PENNSYLVANIA HIGH SCHOOL INSTRUMENTAL MUSIC TEACHERS' PERCEPTIONS OF CHANGES IN INSTRUCTIONAL TIME AND RESOURCES
|Confredo, Deborah A.
|The purpose of this study was to determine Pennsylvania public high school instrumental music teachers' perceptions of changes to instrumental music instruction that may have been the result of a narrowing focus on student performance on standardized tests and sanctions linked to the No Child Left Behind Act of 2001 (2002). The study used a descriptive design to investigate ways that standardized testing may have influenced student opportunities to participate in school instrumental music, instructional time available for instrumental lessons and performing ensembles, budgetary resources and funding sources, staffing, and instrumental music curricula in Pennsylvania high schools. Data were gathered via an anonymous web-based survey. Of the entire population of 710 full-time high school instrumental music teachers in Pennsylvania, 304 responded. Of those, 247 successfully completed the survey and were appropriate for analysis. Results suggested that across PA high schools, instrumental music opportunities were varied and inconsistent with regard to instructional time, financial resources, access and availability of students, and support for instrumental music within the larger curriculum of the schools. These inconsistencies may have resulted in unequal opportunities to participate in instrumental music programs, partially because of funding and policy priorities at the state and local level that value test-based accountability rather than more comprehensive methods of evaluating child development and learning. Prior research suggested that opportunities to participate in instrumental music were linked to individual and group standardized test performance. Schools in very large urban districts with high percentages of low-income and minority students were the most likely to face reductions in instrumental music opportunities. Implications included the possibility of inequitable reductions to music programs potentially undermining efforts to help reduce or prevent achievement gaps. Reductions in instrumental music opportunities for elementary level students was a particular concern since neurobiological research findings suggest special benefits for early childhood music instruction. Recommendations for further research included replication of the study using identifiable data, case studies of individual high schools, the continuation and expansion of longitudinal studies between neuroscientists and music educators, and a survey of school administrator attitudes toward music education.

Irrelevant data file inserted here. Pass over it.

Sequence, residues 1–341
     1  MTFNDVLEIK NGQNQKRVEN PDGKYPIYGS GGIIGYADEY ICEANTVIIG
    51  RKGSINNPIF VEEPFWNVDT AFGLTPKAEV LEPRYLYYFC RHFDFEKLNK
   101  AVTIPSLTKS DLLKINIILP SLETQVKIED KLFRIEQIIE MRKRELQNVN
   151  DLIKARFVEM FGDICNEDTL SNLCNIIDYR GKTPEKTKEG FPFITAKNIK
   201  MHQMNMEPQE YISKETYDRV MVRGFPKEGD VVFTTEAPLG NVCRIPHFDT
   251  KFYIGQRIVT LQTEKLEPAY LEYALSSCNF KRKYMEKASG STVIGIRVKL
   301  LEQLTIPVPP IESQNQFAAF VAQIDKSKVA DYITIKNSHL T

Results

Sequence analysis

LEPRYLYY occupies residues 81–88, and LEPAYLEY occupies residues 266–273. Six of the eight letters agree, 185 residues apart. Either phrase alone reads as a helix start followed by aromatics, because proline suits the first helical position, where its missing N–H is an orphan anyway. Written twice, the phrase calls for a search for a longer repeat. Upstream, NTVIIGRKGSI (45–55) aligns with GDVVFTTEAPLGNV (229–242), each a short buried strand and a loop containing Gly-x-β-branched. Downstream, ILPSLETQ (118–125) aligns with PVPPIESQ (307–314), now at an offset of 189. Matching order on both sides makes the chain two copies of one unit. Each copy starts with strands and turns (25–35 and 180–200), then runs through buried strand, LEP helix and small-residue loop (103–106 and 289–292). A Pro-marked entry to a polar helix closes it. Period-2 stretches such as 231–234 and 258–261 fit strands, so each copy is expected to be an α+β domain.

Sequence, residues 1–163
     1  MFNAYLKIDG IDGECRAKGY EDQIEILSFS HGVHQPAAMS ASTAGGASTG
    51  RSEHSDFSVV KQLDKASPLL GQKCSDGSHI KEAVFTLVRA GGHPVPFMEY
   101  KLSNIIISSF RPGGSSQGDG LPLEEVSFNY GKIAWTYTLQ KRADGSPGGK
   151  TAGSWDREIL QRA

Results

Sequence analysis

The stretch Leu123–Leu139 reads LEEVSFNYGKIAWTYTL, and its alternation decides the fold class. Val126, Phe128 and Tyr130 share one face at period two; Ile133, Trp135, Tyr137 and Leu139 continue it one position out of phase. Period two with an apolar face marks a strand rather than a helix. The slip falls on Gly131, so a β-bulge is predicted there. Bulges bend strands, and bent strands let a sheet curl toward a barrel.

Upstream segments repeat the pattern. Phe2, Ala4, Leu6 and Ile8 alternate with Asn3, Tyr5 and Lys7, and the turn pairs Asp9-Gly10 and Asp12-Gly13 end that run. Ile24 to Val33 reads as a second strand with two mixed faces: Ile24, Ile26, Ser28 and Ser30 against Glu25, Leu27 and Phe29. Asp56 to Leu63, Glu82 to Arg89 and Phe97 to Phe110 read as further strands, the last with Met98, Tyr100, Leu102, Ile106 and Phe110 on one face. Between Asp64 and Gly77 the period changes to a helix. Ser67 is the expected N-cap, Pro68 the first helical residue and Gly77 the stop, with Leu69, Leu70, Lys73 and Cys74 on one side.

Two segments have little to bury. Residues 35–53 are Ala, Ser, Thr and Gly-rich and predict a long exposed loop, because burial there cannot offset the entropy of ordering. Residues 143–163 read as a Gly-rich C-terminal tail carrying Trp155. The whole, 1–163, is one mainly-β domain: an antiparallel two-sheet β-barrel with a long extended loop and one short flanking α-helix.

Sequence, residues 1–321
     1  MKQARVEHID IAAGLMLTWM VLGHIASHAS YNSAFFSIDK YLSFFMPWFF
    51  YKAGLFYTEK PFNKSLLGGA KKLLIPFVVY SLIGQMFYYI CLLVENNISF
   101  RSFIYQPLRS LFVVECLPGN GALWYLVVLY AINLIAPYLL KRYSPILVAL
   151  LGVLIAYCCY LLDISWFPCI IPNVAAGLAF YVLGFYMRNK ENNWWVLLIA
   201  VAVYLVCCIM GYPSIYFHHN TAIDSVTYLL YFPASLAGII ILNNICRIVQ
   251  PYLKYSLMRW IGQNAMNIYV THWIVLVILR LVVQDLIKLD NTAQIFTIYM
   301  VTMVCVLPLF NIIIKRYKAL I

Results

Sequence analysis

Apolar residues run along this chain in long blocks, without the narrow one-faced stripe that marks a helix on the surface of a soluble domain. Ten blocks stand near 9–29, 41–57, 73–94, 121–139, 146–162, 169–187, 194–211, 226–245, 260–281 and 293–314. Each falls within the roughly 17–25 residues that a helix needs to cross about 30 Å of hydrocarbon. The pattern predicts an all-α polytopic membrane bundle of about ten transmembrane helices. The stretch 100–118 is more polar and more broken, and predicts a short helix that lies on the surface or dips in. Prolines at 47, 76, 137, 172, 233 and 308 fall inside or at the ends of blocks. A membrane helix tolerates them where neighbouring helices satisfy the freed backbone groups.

|Temple University. Libraries
|Theses and Dissertations
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|Performing Arts Education
|PENNSYLVANIA HIGH SCHOOL INSTRUMENTAL MUSIC TEACHERS' PERCEPTIONS OF CHANGES IN INSTRUCTIONAL TIME AND RESOURCES
|Reynolds, Alison (Alison M.)
|Klein, Michael Leslie
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